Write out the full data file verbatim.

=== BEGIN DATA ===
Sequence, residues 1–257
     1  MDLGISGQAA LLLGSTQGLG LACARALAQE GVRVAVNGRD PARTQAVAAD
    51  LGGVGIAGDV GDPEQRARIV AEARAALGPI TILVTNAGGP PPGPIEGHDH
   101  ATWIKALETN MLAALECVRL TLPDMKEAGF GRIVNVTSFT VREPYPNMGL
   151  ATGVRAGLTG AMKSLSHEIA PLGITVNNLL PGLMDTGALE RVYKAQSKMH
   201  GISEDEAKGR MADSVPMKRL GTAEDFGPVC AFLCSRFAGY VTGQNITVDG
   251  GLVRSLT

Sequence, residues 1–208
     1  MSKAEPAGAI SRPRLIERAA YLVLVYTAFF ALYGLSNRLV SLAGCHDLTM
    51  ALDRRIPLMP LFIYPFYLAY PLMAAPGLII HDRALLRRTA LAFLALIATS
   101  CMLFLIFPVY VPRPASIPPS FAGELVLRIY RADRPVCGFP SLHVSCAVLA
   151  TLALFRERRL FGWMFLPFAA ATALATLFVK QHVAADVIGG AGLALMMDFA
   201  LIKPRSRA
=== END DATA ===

Sequence, residues 1–257
     1  MDLGISGQAA LLLGSTQGLG LACARALAQE GVRVAVNGRD PARTQAVAAD
    51  LGGVGIAGDV GDPEQRARIV AEARAALGPI TILVTNAGGP PPGPIEGHDH
   101  ATWIKALETN MLAALECVRL TLPDMKEAGF GRIVNVTSFT VREPYPNMGL
   151  ATGVRAGLTG AMKSLSHEIA PLGITVNNLL PGLMDTGALE RVYKAQSKMH
   201  GISEDEAKGR MADSVPMKRL GTAEDFGPVC AFLCSRFAGY VTGQNITVDG
   251  GLVRSLT

Sequence, residues 1–208
     1  MSKAEPAGAI SRPRLIERAA YLVLVYTAFF ALYGLSNRLV SLAGCHDLTM
    51  ALDRRIPLMP LFIYPFYLAY PLMAAPGLII HDRALLRRTA LAFLALIATS
   101  CMLFLIFPVY VPRPASIPPS FAGELVLRIY RADRPVCGFP SLHVSCAVLA
   151  TLALFRERRL FGWMFLPFAA ATALATLFVK QHVAADVIGG AGLALMMDFA
   201  LIKPRSRA